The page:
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ID 451
Title Transcription
フツリアイナ ケッコン ノ セイタイ 3 : セイブ ジュンカイ サイバン ノ トジョウ ノ バアイ
Title Alternative
Modes of Mismating (3) : The Case of On the Western Circuit : Hankering for 'a Congenial Channel'
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Departmental Bulletin Paper
On the Western Circuit in Life's Little Ironies by Thomas Hardy presents an interesting perspective in relation with the story An Imaginative Woman. In An Imaginative Woman Ella Marchmill is imaginative enough to fall in love with her rival poet Robert Trewe who is never to meet her. Her passionate love for him is the reaction to the barren marital life with her unromantic, practical husband. Ella is in a sense scorched to death by her own imaginative hankering for 'a congenial channel' with someone who has the same disposition with her. In On the Western Circuit Mrs. Harnham is in the same situation with Ella; influenced by the belief of the parent, she has consented to marry the elderly wine-merchant as apis aller, at the age of seven-and-twenty to find afterwards that she has made a mistake; the marriage contract has left her still a woman whose deeper nature has never been stirred. Her protegee Anna, who is illiterate, comes to know Charles Bradford Raye at the fair in Melchester; he is an end-of-the-age young man who lives in London and a stuff-gownsman going the Western Circuit. Raye sets his eyes on this beautiful girl whom he believes to be 'a fairer product of nature' found in the country far away from the City. Their relation deepens as they correspond by letter, as Anna's letters make deep impression on Raye. However, her letters are written in her name by Mrs. Harnham who takes great care not to lead Anna to misery. On account of Anna's personal condition Mrs. Harnham hastens and succeeds in getting Raye marry with Anna in London. After the marriage Raye comes to know the whole truth. He and Mrs. Harnham find that ironically enough a true 'congenial channel' is made up through letter-writing between them. In this paper On the Western Circuit is analyzed from the viewpoint of the ironical relationship with the protagonists in terms of the same theme of hankering for 'a congenial channel' with that in An Imaginative Woman.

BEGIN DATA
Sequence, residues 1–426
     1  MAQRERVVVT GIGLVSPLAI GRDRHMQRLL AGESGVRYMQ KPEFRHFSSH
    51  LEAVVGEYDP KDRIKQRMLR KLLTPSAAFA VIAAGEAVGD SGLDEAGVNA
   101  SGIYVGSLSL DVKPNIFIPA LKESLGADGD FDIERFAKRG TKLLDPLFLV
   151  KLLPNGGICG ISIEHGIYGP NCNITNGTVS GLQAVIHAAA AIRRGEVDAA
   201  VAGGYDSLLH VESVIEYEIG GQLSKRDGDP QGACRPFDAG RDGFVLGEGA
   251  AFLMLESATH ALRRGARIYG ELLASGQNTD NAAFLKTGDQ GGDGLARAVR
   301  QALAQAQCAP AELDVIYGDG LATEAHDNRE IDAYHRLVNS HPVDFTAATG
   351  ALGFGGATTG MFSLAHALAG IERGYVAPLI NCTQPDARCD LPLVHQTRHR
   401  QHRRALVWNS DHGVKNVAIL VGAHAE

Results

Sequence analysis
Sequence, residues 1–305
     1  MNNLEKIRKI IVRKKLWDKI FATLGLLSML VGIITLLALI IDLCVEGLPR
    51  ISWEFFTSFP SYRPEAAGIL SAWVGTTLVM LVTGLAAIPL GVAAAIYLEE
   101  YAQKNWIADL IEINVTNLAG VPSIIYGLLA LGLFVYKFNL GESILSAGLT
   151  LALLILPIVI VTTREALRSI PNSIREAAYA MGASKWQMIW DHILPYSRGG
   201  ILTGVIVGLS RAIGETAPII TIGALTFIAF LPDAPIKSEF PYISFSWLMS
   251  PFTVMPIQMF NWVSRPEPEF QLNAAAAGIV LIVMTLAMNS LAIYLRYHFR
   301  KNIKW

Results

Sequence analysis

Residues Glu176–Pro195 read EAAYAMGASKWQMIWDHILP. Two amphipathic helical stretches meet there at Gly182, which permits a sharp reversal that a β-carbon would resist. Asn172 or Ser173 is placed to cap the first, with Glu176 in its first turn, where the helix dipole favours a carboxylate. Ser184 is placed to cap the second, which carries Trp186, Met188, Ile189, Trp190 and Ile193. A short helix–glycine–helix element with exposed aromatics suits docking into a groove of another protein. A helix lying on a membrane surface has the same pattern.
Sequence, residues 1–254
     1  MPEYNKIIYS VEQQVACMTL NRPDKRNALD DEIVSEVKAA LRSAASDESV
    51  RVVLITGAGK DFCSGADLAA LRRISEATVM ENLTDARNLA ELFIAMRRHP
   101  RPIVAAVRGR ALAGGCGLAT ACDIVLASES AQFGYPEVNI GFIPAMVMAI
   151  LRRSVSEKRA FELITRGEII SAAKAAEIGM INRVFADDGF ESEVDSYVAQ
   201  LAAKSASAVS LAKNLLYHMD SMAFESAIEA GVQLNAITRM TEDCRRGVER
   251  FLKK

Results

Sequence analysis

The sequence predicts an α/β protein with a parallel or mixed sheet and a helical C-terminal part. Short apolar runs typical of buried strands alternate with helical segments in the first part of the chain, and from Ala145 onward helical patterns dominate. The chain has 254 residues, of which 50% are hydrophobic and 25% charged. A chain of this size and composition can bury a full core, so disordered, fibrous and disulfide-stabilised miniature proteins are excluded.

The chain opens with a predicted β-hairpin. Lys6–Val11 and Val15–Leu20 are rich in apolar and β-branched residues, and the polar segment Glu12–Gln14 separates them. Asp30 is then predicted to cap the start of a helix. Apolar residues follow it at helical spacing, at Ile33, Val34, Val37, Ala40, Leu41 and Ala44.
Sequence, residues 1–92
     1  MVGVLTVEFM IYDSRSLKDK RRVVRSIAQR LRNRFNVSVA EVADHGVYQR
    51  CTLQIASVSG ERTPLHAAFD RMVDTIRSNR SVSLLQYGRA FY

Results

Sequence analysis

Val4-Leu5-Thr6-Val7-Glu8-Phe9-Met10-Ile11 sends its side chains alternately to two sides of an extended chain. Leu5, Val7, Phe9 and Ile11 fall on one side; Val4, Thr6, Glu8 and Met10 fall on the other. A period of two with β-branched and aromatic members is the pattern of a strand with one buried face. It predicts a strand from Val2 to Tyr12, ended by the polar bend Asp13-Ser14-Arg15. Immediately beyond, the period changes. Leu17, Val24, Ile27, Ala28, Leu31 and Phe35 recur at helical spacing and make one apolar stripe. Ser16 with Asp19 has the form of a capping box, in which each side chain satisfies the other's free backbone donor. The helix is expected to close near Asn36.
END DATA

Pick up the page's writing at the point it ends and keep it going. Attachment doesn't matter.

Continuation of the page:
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Liberal Arts and Sciences